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Weekly I/O: Why companies overspend, How Tim Ferriss Spots Next Big Thing, Intrinsic Motivation
#66: Dollar Auction Paradox, Spot Next Big Thing, Intrinsic or Extrinsic Motivation, Choice when Doomed to Fail, 3 Heuristic for Fulfilling Life
Greetings from Mountain View!
This week's I/O involves some useful questions to ask ourselves. Let me know if you have other favorite questions you like to share!
Here's a list of what I'm exploring and pondering on this week.
1. Dollar Auction Paradox: Understanding why companies spend more than what they can potentially earn and why we pay more than the actual value of a product?
Article: Dollar Auction
A dollar auction is a simple game where participants bid for a dollar bill, but with a twist that both the highest bidder and the second highest must pay their bids. Assuming all the participants are rational, what will the winner end up paying for the bill?
Initially, bidding seems harmless and potentially profitable. However, as the bids approach the one-dollar mark, a dilemma unfolds. For example, Participant A bids 90 cents, and Participant B counters with $1. At this point, Participant A faces a choice: bid $1.01 and lose only 1 cent or withdraw and lose the 90 cents already bid.
Why did they bid over a dollar for just a dollar? Bidding more than a dollar for a dollar is not logical. At the same time, losing 90 cents is not as smart as losing 1 cent. As the bids escalate, participants shift their focus from gaining profit to avoiding significant losses. This shift in perspective often leads to bids far exceeding the dollar's face value. This consequence is coined as "escalation of commitment" by the economist Martin Shubik in his 1971 paper to highlight a paradox of rational choice theory. Surprisingly, in a study involving Harvard MBA students, winners even paid up to 20 times more than the face value of the bill!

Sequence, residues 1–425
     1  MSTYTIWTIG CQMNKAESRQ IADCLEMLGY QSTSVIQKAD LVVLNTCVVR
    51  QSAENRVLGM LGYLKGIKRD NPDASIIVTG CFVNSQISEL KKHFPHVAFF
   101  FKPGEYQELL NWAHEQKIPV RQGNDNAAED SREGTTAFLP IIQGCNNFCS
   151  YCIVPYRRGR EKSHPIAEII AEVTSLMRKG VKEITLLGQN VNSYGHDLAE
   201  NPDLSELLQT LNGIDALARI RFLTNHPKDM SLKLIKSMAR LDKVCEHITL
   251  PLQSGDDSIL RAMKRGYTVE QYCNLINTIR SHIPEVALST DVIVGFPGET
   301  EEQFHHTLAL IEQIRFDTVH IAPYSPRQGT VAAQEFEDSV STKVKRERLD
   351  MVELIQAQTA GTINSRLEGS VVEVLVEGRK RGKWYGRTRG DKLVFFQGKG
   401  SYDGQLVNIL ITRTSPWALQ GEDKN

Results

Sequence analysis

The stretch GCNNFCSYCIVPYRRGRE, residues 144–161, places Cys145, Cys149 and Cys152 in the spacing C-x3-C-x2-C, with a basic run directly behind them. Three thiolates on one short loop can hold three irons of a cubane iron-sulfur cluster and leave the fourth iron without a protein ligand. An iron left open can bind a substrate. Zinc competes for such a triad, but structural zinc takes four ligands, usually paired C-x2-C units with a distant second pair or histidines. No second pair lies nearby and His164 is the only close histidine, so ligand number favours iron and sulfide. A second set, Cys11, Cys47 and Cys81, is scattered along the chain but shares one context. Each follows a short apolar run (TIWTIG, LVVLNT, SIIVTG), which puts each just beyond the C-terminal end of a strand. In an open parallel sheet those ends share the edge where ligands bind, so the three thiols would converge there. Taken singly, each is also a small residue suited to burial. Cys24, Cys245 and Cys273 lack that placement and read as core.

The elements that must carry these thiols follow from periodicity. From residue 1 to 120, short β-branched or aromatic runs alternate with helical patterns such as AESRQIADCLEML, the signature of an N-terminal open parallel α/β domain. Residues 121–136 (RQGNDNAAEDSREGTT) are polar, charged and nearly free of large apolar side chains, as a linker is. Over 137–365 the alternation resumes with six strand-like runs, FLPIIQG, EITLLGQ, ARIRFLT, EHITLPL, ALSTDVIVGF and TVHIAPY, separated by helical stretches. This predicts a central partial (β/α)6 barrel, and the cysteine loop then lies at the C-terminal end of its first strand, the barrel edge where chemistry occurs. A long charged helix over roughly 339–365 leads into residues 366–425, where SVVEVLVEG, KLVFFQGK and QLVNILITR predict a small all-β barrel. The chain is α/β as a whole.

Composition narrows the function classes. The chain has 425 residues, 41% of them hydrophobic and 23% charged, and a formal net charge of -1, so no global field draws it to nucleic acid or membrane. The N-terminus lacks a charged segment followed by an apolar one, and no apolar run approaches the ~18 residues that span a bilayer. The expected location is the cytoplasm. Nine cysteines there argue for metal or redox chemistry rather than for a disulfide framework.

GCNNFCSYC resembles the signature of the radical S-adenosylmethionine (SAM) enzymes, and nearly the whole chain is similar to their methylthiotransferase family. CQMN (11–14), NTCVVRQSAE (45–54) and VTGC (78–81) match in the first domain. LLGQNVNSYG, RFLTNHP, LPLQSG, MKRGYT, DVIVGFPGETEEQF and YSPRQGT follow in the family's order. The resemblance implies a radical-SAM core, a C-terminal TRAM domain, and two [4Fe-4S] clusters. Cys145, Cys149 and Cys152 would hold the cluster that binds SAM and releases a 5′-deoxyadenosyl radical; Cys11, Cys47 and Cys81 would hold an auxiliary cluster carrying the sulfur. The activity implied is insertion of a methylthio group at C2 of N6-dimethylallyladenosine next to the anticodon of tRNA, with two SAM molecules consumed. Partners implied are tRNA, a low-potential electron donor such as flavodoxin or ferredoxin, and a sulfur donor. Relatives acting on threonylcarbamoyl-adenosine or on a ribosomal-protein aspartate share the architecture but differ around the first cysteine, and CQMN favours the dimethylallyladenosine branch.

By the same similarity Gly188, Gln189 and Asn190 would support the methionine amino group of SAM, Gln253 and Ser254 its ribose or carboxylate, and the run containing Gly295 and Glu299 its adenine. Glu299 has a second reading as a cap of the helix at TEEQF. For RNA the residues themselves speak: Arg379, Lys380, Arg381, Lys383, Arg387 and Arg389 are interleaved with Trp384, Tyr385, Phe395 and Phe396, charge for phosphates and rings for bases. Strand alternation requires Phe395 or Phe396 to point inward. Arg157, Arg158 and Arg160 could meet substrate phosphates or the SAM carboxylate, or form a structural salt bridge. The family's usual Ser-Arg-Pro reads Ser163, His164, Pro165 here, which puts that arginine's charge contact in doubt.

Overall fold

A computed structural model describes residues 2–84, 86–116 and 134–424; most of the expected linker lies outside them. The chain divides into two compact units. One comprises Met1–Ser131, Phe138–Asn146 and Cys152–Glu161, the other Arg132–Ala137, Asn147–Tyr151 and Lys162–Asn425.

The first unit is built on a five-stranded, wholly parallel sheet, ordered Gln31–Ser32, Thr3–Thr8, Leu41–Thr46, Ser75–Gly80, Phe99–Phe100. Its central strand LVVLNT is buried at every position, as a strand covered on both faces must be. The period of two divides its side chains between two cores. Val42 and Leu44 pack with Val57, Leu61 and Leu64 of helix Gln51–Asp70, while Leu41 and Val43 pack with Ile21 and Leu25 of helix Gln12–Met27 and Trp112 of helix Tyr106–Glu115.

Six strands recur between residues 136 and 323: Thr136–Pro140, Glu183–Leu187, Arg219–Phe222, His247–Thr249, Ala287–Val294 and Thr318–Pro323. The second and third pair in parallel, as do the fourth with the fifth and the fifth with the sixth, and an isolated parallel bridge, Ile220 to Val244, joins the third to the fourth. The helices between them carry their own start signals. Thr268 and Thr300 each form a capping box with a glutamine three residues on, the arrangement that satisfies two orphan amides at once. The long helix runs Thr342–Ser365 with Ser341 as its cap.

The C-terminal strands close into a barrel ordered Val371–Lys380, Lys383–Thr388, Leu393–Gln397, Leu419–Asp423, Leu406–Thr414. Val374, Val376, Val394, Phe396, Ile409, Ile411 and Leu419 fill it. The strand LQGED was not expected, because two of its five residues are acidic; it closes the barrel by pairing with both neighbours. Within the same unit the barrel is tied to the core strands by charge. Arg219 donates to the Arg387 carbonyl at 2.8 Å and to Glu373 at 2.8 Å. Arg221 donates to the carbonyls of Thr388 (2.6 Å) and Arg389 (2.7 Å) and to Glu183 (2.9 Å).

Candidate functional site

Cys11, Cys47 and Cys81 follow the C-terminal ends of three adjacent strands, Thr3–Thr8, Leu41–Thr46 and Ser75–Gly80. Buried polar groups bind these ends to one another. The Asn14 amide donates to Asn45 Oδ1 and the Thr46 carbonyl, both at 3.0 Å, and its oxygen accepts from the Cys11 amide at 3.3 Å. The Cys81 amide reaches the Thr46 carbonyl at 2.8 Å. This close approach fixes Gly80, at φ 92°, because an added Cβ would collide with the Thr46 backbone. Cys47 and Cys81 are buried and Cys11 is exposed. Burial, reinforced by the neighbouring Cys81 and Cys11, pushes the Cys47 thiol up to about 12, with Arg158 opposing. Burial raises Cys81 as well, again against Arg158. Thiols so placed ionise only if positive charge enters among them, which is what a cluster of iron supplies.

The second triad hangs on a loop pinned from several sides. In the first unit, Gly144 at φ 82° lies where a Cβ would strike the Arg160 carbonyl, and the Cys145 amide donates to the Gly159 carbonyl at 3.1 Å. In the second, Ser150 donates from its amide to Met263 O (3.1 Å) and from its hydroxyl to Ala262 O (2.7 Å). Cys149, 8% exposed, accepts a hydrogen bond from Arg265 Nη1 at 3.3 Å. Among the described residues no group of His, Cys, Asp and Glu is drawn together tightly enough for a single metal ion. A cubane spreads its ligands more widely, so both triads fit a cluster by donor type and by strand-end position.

Examples of the dollar auction game can be seen very often in the real world. Winner-takes-all markets, such as consumer internet with network effects, often create an environment similar to the dollar auction. However, unlike the dollar auction game where only the second-highest bidder loses, all players participating in the market, like consumer internet, will end up with high losses if they don't win. Similarly, bicycle-sharing startups engage in intense battles for market monopoly, resulting in massive losses for all but the eventual winner.
The Dollar Auction Paradox reveals our tendency to escalate commitment irrationally in competitive situations. Ironically, the most effective way to win at a dollar auction game is by not participating in one. Therefore, we should avoid getting caught in a costly bidding spiral before joining a competition.
2. How Tim Ferriss identifies the next big thing? Understand what technical nerds and rich people are doing, and where people are patching together awkward solutions.
Andrew Huberman suggests that if you want to know what will be hot and useful in the next five to ten years, it's worth paying attention to what Tim Ferris is doing now. This is because the revolutionary concepts from The 4-Hour Body and The 4-Hour Workweek have withstood the test of time and are even gaining increased popularity. So, how does Tim Ferriss spot emerging trends and the next big thing? Here's his advice:
Observe Tech Nerds' Side Projects: What are the technology enthusiasts or nerds doing at night or on the weekends after an exhaustive work week?
Analyze Rich People's Current Interests: What are rich people doing now that tens of millions of people will be doing ten years from now?
Identify Areas with Less-than-ideal Solutions: Where are people patching together awkward solutions? Is there room for some innovation there?